Why is it that according the federal Drug Enforcement Administration, the United States uses 90% of the world’s supply of Ritalin?!  [Apparently, this disorder has a predilection for certain countries].   One in every 30 Americans between the ages of 5 and 19 years of age are currently taking it.  Sadly, this stat does not enlighten the public that some doctors are putting children as young as 2 on the drug.  In 1998, 500,000 prescriptions were written for preschoolers — something that the package insert itself expressly warns against due to the higher risk of adverse effects.  Are we really in that bad of shape?  Correct me if I’m wrong, but aren’t preschoolers, especially boys, a rowdy bunch to begin with?  Or is “rowdiness” now a disease?  And why is it that within the United States, pockets of significant Ritalin use exist?  Georgia happens to be the number one state in consumption.  And it is not unheard of to find a school in which 50% of the students are taking Ritalin, and then find another school just blocks away in which only 5% are on the drug.  It just doesn’t make sense.  If we are not careful, with so many taking the drug, Ritalin will slowly narrow our perception of what is considered “normal” for a child.  At the first hint of hyperactivity, inattention, or impulsiveness, we will be reaching for the “solution in a bottle.”  Maybe by that time,though, it will be available without a prescription.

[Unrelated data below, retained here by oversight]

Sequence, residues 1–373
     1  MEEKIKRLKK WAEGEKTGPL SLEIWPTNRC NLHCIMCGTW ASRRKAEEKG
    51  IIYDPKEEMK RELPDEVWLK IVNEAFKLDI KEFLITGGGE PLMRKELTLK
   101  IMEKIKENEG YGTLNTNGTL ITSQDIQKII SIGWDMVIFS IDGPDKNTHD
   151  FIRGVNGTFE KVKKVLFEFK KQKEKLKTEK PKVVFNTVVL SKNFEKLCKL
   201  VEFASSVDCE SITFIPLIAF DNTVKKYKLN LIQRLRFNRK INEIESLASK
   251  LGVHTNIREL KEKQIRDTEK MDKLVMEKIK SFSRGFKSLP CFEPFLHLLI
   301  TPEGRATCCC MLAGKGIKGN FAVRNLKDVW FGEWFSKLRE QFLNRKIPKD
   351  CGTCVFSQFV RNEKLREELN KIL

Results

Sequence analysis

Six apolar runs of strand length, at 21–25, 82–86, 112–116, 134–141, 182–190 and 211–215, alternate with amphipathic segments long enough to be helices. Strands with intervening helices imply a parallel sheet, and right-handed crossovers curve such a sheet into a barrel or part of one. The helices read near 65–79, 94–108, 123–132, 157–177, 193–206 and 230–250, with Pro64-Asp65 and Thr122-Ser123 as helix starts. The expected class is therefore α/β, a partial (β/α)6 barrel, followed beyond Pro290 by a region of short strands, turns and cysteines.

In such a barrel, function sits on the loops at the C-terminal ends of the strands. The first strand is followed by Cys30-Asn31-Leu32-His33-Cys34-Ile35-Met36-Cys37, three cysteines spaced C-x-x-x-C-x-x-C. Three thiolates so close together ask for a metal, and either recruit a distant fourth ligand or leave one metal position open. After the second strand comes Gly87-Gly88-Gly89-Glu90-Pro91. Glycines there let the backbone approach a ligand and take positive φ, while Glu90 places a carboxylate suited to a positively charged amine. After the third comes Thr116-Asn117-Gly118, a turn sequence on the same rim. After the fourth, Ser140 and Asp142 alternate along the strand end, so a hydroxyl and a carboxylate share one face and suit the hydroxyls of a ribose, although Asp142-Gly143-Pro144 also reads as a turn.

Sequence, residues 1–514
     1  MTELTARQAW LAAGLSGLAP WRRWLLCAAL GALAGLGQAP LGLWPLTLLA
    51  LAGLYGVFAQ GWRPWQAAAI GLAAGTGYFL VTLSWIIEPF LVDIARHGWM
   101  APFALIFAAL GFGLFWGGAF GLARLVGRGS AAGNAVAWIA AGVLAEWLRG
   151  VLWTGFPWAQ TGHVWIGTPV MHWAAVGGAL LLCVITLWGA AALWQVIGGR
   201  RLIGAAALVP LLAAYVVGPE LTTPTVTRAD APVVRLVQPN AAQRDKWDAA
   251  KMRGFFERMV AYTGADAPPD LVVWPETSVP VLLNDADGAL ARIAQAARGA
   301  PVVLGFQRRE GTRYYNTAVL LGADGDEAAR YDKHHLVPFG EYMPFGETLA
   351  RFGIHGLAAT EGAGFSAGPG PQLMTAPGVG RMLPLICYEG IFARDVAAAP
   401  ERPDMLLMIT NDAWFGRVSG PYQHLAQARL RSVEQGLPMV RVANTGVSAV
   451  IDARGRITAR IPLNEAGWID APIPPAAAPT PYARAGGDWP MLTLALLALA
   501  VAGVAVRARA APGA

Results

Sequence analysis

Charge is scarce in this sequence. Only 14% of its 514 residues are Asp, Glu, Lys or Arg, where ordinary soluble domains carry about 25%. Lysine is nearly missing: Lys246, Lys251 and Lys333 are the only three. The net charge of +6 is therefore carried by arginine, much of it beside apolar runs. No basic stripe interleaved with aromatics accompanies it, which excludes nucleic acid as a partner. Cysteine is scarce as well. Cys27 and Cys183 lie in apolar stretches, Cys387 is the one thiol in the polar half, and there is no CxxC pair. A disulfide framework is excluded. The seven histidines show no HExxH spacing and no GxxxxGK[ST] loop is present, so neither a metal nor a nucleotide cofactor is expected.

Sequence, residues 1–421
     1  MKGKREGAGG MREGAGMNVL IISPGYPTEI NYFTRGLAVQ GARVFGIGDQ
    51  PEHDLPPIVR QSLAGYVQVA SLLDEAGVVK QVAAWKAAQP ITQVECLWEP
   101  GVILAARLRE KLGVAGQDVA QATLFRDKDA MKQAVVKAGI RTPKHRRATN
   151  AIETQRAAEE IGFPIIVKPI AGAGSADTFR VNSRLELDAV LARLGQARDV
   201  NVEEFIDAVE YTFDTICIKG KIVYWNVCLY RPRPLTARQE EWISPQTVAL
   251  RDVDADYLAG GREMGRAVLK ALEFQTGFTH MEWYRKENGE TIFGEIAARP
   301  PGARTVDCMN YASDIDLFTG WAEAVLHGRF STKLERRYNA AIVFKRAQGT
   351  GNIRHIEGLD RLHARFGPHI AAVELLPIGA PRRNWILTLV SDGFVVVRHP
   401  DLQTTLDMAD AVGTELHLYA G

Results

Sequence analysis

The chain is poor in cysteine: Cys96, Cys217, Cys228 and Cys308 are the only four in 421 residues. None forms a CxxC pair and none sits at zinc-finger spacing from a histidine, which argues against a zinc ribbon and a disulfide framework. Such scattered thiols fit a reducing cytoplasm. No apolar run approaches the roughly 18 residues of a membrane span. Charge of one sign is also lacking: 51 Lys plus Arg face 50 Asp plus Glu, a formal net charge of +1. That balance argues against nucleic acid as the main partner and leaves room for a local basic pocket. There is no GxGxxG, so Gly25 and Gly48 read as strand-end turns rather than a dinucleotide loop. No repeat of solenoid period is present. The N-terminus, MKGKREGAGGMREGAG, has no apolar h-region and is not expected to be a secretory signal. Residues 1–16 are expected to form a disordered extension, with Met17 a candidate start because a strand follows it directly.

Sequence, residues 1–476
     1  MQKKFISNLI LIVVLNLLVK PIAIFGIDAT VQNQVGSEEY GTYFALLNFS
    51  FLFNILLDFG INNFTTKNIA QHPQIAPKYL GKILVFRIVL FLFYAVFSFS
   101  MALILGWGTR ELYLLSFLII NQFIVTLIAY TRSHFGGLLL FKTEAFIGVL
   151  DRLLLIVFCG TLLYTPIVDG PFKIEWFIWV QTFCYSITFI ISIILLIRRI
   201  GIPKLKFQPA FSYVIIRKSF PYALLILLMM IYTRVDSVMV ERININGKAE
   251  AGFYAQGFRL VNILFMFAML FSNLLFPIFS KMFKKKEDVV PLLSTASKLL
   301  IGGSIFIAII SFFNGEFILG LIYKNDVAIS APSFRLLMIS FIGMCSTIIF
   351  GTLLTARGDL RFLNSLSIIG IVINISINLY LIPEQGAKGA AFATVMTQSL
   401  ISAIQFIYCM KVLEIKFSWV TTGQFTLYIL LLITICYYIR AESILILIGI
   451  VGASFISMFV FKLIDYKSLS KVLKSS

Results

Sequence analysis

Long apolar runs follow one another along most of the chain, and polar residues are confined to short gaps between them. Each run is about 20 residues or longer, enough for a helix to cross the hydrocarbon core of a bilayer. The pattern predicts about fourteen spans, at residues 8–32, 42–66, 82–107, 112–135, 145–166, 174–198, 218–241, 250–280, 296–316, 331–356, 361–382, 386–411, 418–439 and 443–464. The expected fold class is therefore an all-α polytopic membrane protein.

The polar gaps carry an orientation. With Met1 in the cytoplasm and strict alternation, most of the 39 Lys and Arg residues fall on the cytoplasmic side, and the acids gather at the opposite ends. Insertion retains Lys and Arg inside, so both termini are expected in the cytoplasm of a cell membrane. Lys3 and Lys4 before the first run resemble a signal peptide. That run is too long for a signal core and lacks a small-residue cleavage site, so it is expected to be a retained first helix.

According to a 1997 article written by David Singer, D.C., “The U.S. Government (through medical grants) gave out close to one hundred million dollars of taxpayer money [in the early 90’s] to help learning disabilities in our children.  During the exact same period the incidence of learning disabilities increased by 500-fold nationwide.”  Other sources noted the significant increase in ADHD diagnoses and attributed it to heightened public awareness and policy changes that forced public schools to identify students with the disorder.  During that time production of Ritalin nearly tripled with more than 2.5 million prescriptions written — something that doctors passed off as “required to meet the demand…”    In a short amount of time, the makers of Ritalin more than doubled their annual income.  Remember, we are talking about a condition that is largely “opinion-based.”

What someone doesn’t want you to know is that there are other treatments available —  other treatments that are effective and will spare your child….  (to be continued next month).

______________

sources used for this article:
refer to part II